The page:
Syrians on Jordan border receive first aid since June

Syrians on Jordan border receive first aid since June
Thousands of Syrian refugees stranded on the border with Jordan without aid since June have received the first shipment of life-saving supplies, UN agencies announced on Thursday.
2 min read
05 August, 2016
Aid was delivered to over 75,000 refugees stranded on desert border [Getty]

Tens of thousands of Syrian refugees stranded on the border with Jordan on Thursday received the first shipment of desperately-needed aid since June, UN agencies announced.

The announcement came in a joint statement by the heads of the World Food Programme, the United Nations High Commissioner for Refugees, the children's agency UNICEF and the International Organisation for Migration.

Jordan closed its border with Syria in June after a suicide bombing claimed by the Islamic State group killed seven soldiers.

The attack took place near a makeshift desert camp and aid groups have since been unable to deliver supplies to tens of thousands of Syrian refugees stranded at the border.

The heads of the four UN agencies announced the "successful completion (on Thursday) of a relief operation to provide more than 75,000 people with food and humanitarian items".

"Unable either to cross the border or turn back, the situation facing these women, men and children has grown more dire by the day," they said.

"Sheltering in makeshift tents in harsh desert conditions with temperatures of up to 50 degrees Celsius (120 degrees Fahrenheit) and sudden sand storms, they are without sufficient food and have barely enough water to survive," the statement added.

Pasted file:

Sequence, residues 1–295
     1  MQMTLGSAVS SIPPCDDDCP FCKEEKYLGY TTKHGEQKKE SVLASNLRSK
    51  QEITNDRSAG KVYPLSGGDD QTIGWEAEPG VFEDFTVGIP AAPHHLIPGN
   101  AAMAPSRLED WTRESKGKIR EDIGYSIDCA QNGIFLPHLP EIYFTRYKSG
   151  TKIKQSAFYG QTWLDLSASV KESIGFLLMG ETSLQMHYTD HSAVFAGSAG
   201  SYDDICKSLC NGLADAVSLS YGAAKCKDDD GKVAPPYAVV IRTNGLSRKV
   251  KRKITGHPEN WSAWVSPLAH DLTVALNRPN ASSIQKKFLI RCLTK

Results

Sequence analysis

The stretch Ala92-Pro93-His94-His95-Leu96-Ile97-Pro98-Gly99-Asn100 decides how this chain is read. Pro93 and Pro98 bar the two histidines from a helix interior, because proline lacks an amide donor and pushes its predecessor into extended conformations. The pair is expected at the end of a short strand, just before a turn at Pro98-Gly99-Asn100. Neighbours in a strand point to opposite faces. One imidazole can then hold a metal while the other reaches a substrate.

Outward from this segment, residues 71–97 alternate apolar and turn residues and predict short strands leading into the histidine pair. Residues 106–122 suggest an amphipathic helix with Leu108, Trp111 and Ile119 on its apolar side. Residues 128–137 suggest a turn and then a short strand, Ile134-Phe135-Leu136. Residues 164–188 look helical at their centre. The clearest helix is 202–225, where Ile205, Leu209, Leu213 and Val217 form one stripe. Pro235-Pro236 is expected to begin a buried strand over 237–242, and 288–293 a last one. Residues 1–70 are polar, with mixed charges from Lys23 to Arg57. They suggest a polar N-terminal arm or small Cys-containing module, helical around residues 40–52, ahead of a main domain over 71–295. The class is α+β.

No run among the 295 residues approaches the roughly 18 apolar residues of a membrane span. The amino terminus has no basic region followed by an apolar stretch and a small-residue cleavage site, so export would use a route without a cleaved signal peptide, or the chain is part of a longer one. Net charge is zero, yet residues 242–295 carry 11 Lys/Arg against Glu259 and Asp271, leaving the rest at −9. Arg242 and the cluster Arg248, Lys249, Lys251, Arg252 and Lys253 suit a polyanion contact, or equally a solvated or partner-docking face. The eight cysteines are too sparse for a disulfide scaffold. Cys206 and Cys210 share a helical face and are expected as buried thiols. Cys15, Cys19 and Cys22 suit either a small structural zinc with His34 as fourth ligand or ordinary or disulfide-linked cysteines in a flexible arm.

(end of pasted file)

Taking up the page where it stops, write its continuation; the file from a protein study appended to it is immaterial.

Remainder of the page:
The UN aid agency heads warned that health care was "urgently" needed, particularly for pregnant women, children and other vulnerable groups such as the elderly and the sick trapped along the border.

"We look forward to further efforts to reach people at the berm with humanitarian assistance in time to save their lives," they said, thanking the Jordanian government for its cooperation.

Jordan declared the border area a "military zone" after the June attack, blocking access to Syrian refugees and sparking fears over their fate.

Several international aid and rights groups have since urged Jordan to revoke its decision and keep its borders open to refugees fleeing Syria's five-year war.

Jordan already hosts hundreds of thousands of Syrian refugees.

It had agreed in July to a one-off aid delivery for those trapped on its border after an appeal by the United Nations.